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Stevens Johnson Syndrome

Over 175 million Americans take over-the-counter (OTC) drugs for pain relief, according to the National Consumers League. Of these 175 million, 44 percent exceed the recommended dose while millions ignore label information. OTC complications cause 16,500 deaths and 103,000 hospitalizations every year based on statistics. Experts partially attribute OTC deaths and complications to the mistaken belief that FDA-approved, easy-to-buy drugs are safe.

What is Stevens Johnson Syndrome?

While various medications can cause a number of different side effects, allergic reaction is one of the most common adverse drug reactions reported. In fact, the American Academy of Allergy, Asthma & Immunology (AAAAI) reports that between 6 and 10 percent of all adverse drug reactions are due to allergic reactions.

One of the most deadly and severe manifestations of drug-related allergic reactions is known as Stevens Johnson Syndrome, which arises when the outer layer of skin pulls away from lower layers, dies and sheds (sloughs) from the body. Painful and debilitating, many of the Stevens Johnson Syndrome symptoms are:

  • facial and tongue swelling
  • lesions, hives and/or skin rash that is particularly worse and concentrated in the body's mucous membranes (i.e. the eyes, nose and mouth)
  • nausea
  • a rapidly spread, red or purple skin rash
  • sloughing or shedding of the skin (as skin-cell death continues)
  • sore throat
  • widespread skin pain

These symptoms can arise on any part of the body's surface, however they tend to be worse and more intense in the mucous membranes of the eyes, nose and mouth. In about 10 to 30 percent of cases, Stevens Johnson Syndrome results in blinding the patient or death. The blinding is the result of the entire surface of the eye scarring over, causing the vision to be lost.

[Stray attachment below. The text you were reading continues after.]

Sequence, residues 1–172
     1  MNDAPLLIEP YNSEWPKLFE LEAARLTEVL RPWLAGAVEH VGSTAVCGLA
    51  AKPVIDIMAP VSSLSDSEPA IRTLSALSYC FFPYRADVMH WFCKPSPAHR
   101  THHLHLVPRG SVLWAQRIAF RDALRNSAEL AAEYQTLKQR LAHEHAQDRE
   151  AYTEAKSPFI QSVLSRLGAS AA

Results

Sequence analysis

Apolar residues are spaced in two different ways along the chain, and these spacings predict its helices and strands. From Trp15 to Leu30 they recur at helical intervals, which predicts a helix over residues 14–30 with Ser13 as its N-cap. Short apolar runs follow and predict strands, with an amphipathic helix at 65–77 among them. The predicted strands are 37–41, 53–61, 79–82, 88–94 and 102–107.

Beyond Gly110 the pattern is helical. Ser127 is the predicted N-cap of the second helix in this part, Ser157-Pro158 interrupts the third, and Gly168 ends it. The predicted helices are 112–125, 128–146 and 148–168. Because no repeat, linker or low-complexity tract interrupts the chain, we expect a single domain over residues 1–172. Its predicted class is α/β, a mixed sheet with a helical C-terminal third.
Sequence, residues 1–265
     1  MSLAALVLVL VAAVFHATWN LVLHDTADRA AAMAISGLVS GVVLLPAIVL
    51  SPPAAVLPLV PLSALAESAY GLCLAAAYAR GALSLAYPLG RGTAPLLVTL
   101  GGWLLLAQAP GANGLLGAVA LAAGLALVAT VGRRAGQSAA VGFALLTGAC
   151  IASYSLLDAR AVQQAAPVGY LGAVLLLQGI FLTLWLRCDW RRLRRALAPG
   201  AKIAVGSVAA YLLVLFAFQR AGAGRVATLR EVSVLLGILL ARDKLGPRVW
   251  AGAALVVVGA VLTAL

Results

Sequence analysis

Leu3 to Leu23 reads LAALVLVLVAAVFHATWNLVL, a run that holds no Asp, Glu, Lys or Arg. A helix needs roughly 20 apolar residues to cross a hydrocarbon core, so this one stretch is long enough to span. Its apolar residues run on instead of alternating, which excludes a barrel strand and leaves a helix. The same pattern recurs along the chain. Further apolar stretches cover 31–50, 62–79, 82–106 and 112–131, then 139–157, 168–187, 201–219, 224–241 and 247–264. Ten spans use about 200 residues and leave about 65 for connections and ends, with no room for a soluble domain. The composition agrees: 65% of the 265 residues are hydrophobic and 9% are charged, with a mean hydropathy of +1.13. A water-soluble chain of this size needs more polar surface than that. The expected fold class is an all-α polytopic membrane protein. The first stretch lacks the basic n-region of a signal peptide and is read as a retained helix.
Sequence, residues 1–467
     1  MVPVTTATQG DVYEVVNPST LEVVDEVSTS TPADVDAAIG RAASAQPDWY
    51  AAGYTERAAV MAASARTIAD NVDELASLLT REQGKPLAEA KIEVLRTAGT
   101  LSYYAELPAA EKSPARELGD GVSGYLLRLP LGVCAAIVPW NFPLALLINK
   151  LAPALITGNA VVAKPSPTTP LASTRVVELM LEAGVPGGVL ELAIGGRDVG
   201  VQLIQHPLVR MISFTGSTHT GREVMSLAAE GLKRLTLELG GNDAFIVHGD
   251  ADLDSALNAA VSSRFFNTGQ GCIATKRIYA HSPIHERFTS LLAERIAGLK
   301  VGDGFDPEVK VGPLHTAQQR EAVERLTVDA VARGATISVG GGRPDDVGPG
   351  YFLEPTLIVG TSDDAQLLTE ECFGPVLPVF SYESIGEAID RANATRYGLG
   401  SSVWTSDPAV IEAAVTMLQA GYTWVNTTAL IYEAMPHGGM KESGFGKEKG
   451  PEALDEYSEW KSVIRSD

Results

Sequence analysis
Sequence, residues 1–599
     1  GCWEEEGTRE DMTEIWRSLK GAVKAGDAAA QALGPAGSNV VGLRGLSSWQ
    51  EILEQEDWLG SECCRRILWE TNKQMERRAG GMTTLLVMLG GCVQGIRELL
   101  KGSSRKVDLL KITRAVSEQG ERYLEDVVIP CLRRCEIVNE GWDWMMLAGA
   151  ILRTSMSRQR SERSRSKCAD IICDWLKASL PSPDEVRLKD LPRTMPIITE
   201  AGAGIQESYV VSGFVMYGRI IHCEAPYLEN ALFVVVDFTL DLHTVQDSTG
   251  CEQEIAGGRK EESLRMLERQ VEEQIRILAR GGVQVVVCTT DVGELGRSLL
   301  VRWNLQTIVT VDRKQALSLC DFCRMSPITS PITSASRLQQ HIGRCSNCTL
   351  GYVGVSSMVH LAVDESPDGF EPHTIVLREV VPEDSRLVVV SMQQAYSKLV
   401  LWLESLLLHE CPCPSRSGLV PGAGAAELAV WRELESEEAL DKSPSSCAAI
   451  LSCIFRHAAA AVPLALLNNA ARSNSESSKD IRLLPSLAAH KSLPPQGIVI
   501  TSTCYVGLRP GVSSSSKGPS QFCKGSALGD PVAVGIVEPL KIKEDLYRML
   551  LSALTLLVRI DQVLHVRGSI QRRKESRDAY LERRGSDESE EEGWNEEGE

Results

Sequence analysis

How Long Does Stevens Johnson Syndrome Last?

In order to avoid suffering Stevens Johnson Syndrome, experts advise alerting a physician immediately if a rash develops after taking any of the following medications:

  • anti-gout drugs (allopurinol)
  • anti-epileptic medications (Dilantin, Tegratol)
  • non-steriodal anti-inflammatory drugs, NSAIDS (ibuprofen, naproxen, aspirin, Motrin, Advil, Bextra)
  • medications for bacterial infections (sulfonamides, penicillin, Septra, Bactrim)

Although the most recent news reports on Stevens Johnson Syndrome cases involve children, the disease can affect children, infants, young adults, elderly patients or anyone else. In fact, the Center for Disease Control (CDC) reports that Caucasian men between 20 and 50 years old have the highest risk of developing SJS.

The Controversy Surrounding Ibuprofen and SJS

Parents of children diagnosed with Stevens Johnson Syndrome, alongside some medical experts, filed a petition in February 2005 urging the FDA to require warning labels on ibuprofen. The petition requested that the FDA conduct a full risk assessment of the risks of developing Stevens Johnson Syndrome and Toxic Epidermal Necrolysis Syndrome (TENS, a more severe form of SJS) when taking ibuprofen. The petition also requested that the FDA conduct a full-fledged investigation into why the two largest U.S. brand name makers of ibuprofen, McNeil Pharmaceuticals and Wyeth Consumer Healthcare, withheld critical safety information from the FDA and American public regarding the risks of SJS and TENS with ibuprofen.

Both the FDA and Children's Advil spokespeople have said Stevens Johnson Syndrome is so rare that it not necessary to put it on the label.

If you have Stevens Johnson Syndrome and have a history of taking any of the above-listed medications, consult with an experienced Stevens Johnson Syndrome attorney to learn more about your legal rights and entitlements.

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